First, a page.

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|The profitability and asset quality metrics of Vietnamese banks are expected to further improve in 2018-19. - Photo tapchitaichinh.vn|
"Credit growth is outpacing internal capital generation, weighing on capital ratios, and the State-owned banks – unlike their private-sector counterparts – have been slow in raising external capital even as their capital ratios slide," says Rebaca Tan, a Moody’s analyst.
"Against such a backdrop, a continued deterioration of capitalisation will weaken the competitiveness of the State-owned banks and ultimately their credit profiles," says Tan.
Under the report ‘Banks – Viet Nam: Deteriorating capitalisation will weaken state-owned lenders’ credit profiles’, Moody’s said that the average return on tangible assets (ROTA) at the rated Vietnamese banks rose to 0.97 per cent in 2017 from 0.70 per cent in 2016, while their asset-weighted average ratio of problem loans declined to 4.7 per cent at the end of 2017 from 5.9 per cent a year earlier.
Looking ahead, Moody’s expects profitability and asset quality metrics to further improve in 2018-19, although rapid loan growth – at 21 per cent in 2017 – could mask asset risks.
Specifically, the banks have increased their lending to retail and small- and medium-sized enterprises (SMEs), a positive trend for their margins due to the relatively high rates for such loans. At the same time, the shift away from lending to State-owned enterprises (SOEs) is positive because many SOEs remain in poor financial health.
“However, internal capital generation will be insufficient to cover this rapid pace of loan growth, and the rated Vietnamese banks will need an additional $7 - $9 billion in capital to achieve Tier 1 capital ratios of 11 per cent in 2018 and 2019, while sustaining current loan growth rates,” Moody’s said.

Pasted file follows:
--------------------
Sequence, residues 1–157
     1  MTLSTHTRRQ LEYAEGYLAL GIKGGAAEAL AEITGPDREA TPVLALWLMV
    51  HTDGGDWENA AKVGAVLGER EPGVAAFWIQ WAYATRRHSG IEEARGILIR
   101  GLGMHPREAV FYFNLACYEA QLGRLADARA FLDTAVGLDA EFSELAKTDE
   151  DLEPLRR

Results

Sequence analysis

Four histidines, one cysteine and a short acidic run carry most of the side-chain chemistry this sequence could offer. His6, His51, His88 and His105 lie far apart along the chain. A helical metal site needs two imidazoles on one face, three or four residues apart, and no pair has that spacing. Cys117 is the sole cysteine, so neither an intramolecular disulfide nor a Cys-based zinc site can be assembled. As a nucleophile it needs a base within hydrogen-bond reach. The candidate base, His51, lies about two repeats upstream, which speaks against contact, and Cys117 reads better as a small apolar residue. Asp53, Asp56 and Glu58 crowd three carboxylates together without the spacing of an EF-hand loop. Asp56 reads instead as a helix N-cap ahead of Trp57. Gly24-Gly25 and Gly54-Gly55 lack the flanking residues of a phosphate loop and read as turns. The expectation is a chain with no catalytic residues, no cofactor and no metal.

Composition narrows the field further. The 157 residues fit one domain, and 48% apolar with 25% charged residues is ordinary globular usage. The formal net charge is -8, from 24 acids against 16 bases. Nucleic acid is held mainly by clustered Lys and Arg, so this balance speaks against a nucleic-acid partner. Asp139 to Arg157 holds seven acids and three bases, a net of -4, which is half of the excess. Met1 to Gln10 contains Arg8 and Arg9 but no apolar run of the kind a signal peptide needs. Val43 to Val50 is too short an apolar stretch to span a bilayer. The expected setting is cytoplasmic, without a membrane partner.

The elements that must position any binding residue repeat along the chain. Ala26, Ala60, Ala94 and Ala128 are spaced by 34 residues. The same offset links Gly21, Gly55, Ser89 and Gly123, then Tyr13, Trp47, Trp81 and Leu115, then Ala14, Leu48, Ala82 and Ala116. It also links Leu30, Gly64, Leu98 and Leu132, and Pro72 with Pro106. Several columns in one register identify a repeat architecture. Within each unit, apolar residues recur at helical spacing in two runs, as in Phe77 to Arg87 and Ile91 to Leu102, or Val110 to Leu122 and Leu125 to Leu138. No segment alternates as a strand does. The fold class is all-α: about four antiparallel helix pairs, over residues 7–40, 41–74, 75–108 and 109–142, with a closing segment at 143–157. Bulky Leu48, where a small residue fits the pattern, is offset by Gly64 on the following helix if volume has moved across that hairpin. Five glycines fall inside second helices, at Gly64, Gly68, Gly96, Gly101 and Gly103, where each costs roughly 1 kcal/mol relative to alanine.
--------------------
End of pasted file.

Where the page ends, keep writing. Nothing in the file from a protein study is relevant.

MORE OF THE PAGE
Without external capital, Moody’s estimates that the Tier 1 capital ratio of the rated private sector banks will drop to 8.0 per cent by the end of 2019 from 9.4 per cent at the end of 2017, while that of the rated State-owned banks will drop to 6.1 per cent from 6.9 per cent over the same period.
These concerns are somewhat mitigated for the private sector banks, which have been actively raising equity capital from the market through a series of successful new share offerings since 2017 that have helped increase capital ratios.
By contrast, state-owned banks have been slow in raising external capital even as their capital ratios slide – primarily because the government prefers strategic investors. Their asset-weighted average TCE ratio declined to 6.89 per cent at the end of 2017 from 6.92 per cent a year earlier, and could continue to weaken if the banks fail to raise capital.
With their larger capital buffers, the private sector banks will be able to increase investments in business growth, which will lead to stronger profitability and internal capital generation.
Conversely, Moody’s views the state-owned banks as caught in a cycle, with capital shortfalls impeding growth, resulting in continuously inferior internal capital generation and ultimately weaker competitiveness. As a result, Moody’s expects their credit profiles will fall behind those of private sector banks.